I walked Molly down to the beach tonight as she insists on every night that it is not raining. In the dark sky the stars twinkled and I pondered the events of the past few days. The roar of the surf and the phosphorescent waves breaking on the white sands of the beach are comforting and the fact that the dog likes the walk and is funny to watch makes it most enjoyable and relaxing experiences outside of baseball that I know. I am able to do a lot of thinking, and even some praying in the stillness of these night walks. Last night was all about the tapestry of military life and relationships.
Despite its size the US Military is quite small in relationship to the rest of the population. Military life is unpredictable and the relationships that we have with each other are very interconnected in ways that are seldom duplicated in the civilian world. That is especially true of those that serve together overseas, in combat zones or deployed on ships for long periods of time.
Our lives become bound together and even though our service together may be measured in but a few years or in some cases months, the ongoing friendship and relationships go on the rest of our lives. I have seen that growing up as my parents Navy friends and the tapestry is quite amazing.
Gerry and I at his Retirement
Gerry and I go a ways back and have been together through good times and bad, promotions and success, deployments but also difficult times. During those times we have been able to be there for each other, from the unexpected death of his wife from a heart attack to him being there for me after my return from Iraq. He attended my promotion to Lieutenant Commander and I had the honor of officiating at his retirement ceremony.
Gerry and his family experienced another hard blow when his four year old grandson was critically injured last week. We talked about it but decided to wait for me to travel to Virginia. However late on Saturday night I received a call from the duty chaplain for the Norfolk area asking if I would come to baptize my friend’s grandson. The duty chaplain is another long time friend who responded to the situation and helped support Gerry and his family during the crisis on Saturday.
My command gave me the permission to make the trip which involved me having to pass the on call chaplain duty to one of my subordinate chaplains. It is amazing how in the Navy more often than not commands will do whatever they can to care for their sailors and families. We tend to look out for each other. Some commands are better than others but I really don’t know any other organization that works as hard to make sure that their people and families get support in crisis situations as the Navy does. It is not perfect and sometimes thing don’t work out but more often than not the people that run the organization know the importance of taking care of the Navy family.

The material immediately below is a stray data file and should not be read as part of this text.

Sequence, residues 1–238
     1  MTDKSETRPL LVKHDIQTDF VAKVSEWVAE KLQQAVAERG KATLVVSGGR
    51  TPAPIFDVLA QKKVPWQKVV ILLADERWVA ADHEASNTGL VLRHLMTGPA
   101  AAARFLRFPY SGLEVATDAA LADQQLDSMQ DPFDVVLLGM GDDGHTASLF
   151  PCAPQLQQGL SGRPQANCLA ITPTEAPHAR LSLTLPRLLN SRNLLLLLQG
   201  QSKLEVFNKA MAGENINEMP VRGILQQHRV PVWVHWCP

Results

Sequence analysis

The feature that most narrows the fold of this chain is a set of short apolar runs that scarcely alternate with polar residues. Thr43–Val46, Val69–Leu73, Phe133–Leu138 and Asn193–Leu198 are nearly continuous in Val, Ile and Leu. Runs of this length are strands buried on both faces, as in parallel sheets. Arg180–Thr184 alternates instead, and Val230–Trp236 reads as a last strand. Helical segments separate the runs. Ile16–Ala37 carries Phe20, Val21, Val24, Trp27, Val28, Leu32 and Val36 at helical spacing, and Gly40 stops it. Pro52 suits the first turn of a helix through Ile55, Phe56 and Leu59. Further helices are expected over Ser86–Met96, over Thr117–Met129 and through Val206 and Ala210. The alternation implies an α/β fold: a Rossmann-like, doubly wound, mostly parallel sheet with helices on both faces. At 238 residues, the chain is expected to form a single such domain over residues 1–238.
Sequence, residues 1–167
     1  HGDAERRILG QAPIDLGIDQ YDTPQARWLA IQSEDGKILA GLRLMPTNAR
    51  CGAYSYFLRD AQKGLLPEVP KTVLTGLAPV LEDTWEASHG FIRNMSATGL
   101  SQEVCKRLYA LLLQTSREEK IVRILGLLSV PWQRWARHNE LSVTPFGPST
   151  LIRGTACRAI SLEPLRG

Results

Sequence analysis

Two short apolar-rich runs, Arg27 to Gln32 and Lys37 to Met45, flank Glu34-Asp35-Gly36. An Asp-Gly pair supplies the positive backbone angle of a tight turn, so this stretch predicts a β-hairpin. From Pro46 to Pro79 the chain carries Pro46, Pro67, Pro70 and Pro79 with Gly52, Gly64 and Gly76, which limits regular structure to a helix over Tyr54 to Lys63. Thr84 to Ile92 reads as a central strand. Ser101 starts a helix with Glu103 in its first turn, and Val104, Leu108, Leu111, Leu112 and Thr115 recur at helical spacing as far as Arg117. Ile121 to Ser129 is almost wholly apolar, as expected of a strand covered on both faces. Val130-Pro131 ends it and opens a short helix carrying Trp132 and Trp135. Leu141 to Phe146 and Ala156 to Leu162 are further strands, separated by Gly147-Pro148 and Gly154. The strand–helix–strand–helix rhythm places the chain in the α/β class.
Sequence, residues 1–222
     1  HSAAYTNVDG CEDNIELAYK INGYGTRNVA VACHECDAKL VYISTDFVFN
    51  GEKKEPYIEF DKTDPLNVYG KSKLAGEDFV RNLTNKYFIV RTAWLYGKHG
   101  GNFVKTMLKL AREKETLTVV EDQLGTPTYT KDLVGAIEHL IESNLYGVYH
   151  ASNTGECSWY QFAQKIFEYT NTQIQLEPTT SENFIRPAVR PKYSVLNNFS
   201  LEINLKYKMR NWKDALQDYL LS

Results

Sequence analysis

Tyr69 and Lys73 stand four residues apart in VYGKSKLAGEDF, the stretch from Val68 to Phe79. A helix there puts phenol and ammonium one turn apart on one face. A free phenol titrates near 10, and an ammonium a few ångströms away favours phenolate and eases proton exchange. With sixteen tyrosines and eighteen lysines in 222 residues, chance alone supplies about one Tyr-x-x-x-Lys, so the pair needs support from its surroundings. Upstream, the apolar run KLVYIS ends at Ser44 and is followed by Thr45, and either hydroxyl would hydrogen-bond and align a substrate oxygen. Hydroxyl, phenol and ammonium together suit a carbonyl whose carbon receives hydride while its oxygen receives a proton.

Gerry’s grandson appears to be making his way out of danger and the baptism service at the bedside in the Pediatric ICU was very special. Please pray for little Evan as he continues to recover and his family as they navigate the difficult times ahead.
Before I drove back to North Carolina Monday morning I had coffee with my friend after doing some more ministry with the family. We talked of the specialness of the Navy family and the friends that we know that will be there for us. Having been on the both sides of this equation I can say that it is something special.
Of course I will continue to be in contact with my friend and his family and see them on the times that I visit my own dear wife Judy, who as some many other Navy wives do is spent another Valentine’s day without me. At least the gift that I ordered got to her on time and she is happy with it even though I could not be there. I have lost count of the number of special days that we have been apart during my career in both the Army and the Navy. But that is another subject for another time.
The subject is the relationships that our lives our part of an indelible tapestry woven together with the lives of others. The tapestry is not simply composed of the most beautiful or pleasant events, often it is woven out of the tragedy and suffering that brings us together.
On Friday I will be conducting a memorial service for one of our sailors that died just two months before he was to retire. I did not know him well, but he touched many lives and in addition to his family many sailors will be coming in for this memorial service at their own expense from all parts of the country.
With members of my boarding team on the USS Hue City in the Arabian Gulf 2002
In the Navy and for that matter in the rest of the military we share the dangers and hardships of defending our country, deploying away from our families, and going to war. Our families share in that as well. Our lives and experiences be they be joyful, triumphal or painful are shared. It is in reality so much like the words of Henry V in Shakespeare’s play of the same name; “we few, we happy few, we band of brothers….”